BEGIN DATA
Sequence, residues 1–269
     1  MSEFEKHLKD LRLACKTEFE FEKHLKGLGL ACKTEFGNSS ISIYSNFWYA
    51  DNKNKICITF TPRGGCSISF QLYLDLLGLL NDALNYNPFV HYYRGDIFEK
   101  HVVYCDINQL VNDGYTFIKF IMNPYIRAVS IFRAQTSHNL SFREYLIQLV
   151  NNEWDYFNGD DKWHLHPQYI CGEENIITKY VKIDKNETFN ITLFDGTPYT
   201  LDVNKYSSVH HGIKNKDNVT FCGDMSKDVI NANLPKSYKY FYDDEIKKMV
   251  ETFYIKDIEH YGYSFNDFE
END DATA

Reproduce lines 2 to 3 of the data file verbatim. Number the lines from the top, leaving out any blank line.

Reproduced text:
     1  MSEFEKHLKD LRLACKTEFE FEKHLKGLGL ACKTEFGNSS ISIYSNFWYA
    51  DNKNKICITF TPRGGCSISF QLYLDLLGLL NDALNYNPFV HYYRGDIFEK